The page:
When the parties agree (by contract or in court at the time of the dispute) to have a referee try any or all of the issues or ascertain one or more facts, the appointment of the referee is made pursuant to section 638. But even “[w]hen the parties do not consent, the court may, upon the application of any party, or of its own motion, direct a reference ․ [w]hen the court in any pending action determines in its discretion that it is necessary for the court to appoint a referee to hear and determine any and all discovery motions and disputes relevant to discovery in the action and to report findings and make a recommendation thereon.” (§ 639, subd. (e).) Under section 645, the decision of the referee “may be excepted to and reviewed in like manner as if made by the court. When the reference is to report the facts, the decision reported has the effect of a special verdict.” (See Martino v. Denevi (1986) 182 Cal.App.3d 553, 557, 227 Cal.Rptr. 354 [construing a former but similar version of section 645 to apply to objections raised in proceedings held before the referee, in the nature of a request for reconsideration, rather than objections to the trial court or a reviewing court about the referee's report].)
To state the obvious, the statutory scheme does not expressly require that a hearing be held before the trial court accepts or rejects a referee's report.
Although a few cases have danced around the issue, no published decision has ever held that, as a matter of law, a hearing must be held before a referee's report is approved or rejected.
In Aetna Life Ins. Co. v. Superior Court (1986) 182 Cal.App.3d 431, 227 Cal.Rptr. 460, the trial court ignored the limitations of the reference statute and delegated to a referee the power to decide a motion for summary judgment. When the losing party objected to the referee's “recommendation” and requested a hearing on the referee's report, the trial court refused to hold a hearing and simply made an order accepting the report. (Id. at p. 434, 227 Cal.Rptr. 460.) Not surprisingly, the Court of Appeal concluded that, absent the express stipulation of the parties, (1) the trial court had no power to assign a summary judgment motion to a referee, (2) the referee had no authority to decide the motion, (3) the trial court had abdicated its judicial responsibility by simply entering judgment on the referee's report as though it were a binding decision of the court itself, and (4) the order purporting to confirm the referee's decision had to be vacated. (Id. at pp. 435–436, 227 Cal.Rptr. 460.)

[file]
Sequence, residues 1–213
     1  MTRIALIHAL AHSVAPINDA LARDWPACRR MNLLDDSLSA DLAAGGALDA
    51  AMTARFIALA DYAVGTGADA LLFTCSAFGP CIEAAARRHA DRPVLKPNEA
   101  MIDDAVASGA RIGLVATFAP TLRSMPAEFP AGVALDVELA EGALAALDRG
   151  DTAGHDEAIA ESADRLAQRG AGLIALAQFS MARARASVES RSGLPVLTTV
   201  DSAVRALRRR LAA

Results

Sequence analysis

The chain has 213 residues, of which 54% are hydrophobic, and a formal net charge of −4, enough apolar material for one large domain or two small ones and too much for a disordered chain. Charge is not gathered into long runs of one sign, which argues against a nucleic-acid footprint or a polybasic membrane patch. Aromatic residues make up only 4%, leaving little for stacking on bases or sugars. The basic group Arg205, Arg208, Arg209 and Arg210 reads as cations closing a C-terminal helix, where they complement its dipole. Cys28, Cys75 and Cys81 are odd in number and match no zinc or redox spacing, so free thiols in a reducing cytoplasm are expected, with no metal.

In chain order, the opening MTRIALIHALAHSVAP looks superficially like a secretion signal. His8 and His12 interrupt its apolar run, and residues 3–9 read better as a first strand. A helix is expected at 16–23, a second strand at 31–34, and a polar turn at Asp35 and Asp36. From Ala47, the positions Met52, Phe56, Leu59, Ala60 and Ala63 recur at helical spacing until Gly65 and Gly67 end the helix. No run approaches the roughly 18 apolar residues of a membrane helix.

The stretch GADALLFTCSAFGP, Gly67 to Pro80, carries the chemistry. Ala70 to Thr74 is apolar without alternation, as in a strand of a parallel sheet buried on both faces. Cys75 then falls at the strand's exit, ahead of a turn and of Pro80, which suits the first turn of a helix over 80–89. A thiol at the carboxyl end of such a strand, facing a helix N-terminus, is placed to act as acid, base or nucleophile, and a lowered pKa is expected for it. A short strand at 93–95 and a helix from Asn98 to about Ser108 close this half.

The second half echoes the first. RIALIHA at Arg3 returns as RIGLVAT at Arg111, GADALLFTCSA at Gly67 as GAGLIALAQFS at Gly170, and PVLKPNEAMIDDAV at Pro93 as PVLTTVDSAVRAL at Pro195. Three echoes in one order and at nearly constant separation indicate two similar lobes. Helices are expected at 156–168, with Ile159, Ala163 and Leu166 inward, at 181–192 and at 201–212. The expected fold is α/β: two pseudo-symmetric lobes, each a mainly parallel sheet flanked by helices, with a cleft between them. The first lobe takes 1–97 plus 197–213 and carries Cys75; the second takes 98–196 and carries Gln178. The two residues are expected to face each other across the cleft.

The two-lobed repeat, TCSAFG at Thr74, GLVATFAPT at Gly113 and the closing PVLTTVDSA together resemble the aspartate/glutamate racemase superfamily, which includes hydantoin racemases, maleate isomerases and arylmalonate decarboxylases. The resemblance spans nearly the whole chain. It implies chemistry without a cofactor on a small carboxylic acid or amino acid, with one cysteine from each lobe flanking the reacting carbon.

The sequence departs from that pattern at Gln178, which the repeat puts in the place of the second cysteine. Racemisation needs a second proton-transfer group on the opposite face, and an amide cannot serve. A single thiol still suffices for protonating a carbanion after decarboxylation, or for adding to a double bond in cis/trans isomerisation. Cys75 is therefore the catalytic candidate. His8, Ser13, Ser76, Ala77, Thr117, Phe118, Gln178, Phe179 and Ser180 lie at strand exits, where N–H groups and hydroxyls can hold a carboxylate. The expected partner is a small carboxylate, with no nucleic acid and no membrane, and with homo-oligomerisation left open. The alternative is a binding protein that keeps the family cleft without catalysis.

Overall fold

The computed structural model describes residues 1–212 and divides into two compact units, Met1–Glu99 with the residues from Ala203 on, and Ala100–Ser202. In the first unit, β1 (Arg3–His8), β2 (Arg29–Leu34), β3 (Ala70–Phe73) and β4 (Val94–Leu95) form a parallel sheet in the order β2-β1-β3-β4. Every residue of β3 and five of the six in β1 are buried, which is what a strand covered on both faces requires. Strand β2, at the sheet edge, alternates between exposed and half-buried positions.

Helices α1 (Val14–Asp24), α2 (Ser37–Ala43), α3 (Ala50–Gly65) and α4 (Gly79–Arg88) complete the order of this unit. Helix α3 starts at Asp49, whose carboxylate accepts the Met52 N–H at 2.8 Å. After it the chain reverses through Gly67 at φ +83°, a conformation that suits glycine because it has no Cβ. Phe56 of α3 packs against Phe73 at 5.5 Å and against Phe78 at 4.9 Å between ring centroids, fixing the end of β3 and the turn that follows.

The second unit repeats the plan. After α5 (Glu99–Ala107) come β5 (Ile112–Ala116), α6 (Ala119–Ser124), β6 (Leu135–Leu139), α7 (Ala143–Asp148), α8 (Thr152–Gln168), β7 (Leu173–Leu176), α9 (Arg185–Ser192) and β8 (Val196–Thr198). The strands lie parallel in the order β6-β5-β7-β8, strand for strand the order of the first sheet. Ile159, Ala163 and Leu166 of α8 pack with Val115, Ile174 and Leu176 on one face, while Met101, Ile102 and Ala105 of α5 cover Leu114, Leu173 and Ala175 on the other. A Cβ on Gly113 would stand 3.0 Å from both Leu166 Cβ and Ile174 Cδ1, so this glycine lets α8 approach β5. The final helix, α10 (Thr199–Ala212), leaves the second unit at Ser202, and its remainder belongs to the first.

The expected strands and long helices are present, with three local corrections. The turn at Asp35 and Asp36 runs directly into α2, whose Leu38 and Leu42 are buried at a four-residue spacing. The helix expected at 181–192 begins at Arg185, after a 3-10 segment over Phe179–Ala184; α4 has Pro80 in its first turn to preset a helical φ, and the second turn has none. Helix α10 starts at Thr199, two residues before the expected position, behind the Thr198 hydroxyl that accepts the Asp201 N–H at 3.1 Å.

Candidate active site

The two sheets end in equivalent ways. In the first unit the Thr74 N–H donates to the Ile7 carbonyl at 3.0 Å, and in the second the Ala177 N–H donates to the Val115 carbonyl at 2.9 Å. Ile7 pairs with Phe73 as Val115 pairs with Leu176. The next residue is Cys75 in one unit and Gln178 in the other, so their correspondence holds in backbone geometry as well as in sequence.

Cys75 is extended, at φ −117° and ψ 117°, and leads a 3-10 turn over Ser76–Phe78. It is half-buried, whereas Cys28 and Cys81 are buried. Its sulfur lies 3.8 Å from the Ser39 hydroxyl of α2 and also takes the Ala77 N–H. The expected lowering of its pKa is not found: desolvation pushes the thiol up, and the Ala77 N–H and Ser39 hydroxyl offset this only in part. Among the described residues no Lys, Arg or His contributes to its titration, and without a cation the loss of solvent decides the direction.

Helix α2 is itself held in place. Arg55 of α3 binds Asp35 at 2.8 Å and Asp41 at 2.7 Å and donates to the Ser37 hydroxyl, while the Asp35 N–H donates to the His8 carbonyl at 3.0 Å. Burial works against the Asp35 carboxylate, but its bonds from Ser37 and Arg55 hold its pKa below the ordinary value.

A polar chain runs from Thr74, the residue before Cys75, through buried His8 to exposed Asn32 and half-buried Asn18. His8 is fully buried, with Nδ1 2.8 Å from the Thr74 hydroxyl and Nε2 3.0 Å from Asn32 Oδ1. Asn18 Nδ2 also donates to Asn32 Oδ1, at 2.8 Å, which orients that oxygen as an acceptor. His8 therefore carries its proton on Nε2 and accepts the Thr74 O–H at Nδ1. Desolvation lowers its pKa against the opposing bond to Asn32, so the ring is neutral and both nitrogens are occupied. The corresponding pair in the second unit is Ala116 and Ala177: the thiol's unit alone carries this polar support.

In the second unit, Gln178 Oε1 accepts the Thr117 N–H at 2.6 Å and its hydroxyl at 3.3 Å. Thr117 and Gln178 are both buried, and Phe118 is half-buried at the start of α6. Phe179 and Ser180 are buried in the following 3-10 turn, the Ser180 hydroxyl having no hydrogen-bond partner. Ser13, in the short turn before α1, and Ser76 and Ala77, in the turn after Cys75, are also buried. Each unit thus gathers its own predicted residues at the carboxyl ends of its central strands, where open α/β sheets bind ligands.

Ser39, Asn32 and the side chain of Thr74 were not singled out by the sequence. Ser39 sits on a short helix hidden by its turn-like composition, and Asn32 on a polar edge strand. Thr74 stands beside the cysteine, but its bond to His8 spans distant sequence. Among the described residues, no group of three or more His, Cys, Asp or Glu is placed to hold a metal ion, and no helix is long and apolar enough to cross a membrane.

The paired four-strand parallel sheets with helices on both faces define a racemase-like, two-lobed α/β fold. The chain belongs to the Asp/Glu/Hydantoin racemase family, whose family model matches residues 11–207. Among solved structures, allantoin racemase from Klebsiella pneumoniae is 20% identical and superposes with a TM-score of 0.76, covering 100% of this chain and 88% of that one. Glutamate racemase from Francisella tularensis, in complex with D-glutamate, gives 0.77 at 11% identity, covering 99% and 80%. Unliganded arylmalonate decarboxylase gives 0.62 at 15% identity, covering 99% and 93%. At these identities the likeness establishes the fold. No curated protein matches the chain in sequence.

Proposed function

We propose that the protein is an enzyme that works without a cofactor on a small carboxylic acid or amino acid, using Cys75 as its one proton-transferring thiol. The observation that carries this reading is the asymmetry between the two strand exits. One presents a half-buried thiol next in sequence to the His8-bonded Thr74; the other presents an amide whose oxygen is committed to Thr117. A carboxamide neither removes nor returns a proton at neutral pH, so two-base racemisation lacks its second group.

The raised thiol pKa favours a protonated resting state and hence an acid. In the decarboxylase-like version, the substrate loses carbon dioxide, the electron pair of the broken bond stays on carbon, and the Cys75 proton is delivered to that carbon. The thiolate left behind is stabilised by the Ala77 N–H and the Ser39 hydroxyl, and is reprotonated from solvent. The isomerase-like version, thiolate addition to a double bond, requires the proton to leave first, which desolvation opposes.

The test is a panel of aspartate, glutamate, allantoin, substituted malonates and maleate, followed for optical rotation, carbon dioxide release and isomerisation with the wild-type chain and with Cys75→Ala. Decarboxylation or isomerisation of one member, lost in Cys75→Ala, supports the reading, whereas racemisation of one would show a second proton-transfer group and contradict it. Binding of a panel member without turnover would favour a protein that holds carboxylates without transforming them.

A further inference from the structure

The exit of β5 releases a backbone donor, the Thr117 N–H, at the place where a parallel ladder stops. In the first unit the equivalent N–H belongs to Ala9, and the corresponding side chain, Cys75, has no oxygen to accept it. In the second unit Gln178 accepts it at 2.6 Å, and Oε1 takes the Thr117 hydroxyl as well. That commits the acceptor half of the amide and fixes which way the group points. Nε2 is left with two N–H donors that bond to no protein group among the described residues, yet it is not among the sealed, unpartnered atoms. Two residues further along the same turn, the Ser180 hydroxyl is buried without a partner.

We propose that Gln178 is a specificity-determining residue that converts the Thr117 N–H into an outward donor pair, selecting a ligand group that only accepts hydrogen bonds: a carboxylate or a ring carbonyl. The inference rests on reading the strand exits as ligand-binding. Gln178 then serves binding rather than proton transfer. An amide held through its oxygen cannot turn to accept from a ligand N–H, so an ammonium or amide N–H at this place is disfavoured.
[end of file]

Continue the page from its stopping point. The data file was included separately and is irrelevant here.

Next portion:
The fact that the trial court refused to hold a hearing was legally irrelevant to the Court of Appeal's decision and that decision, in turn, is therefore irrelevant to the issue before us—except to the extent it condemns, as an abdication of judicial responsibility, the entry of judgment on a referee's report “as though it were a binding decision of the court itself” without any independent consideration of the matter by the court. (Id. at p. 436, 227 Cal.Rptr. 460.) 3
In Sauer v. Superior Court (1987) 195 Cal.App.3d 213, 240 Cal.Rptr. 489, the plaintiff contended the trial court had adopted a discovery referee's report without a “full hearing on the merits,” thus depriving the plaintiff of his due process rights. (Id. at p. 225, 240 Cal.Rptr. 489.) The problem with the argument was that it was belied by the record—the trial court had, in fact, held a hearing on the plaintiff's objections, thus allowing the Court of Appeal to conclude that, “in hearing the matter and independently reviewing the referee's order, [the trial judge] did not abdicate his judicial responsibility.” (Id. at p. 226, 240 Cal.Rptr. 489.)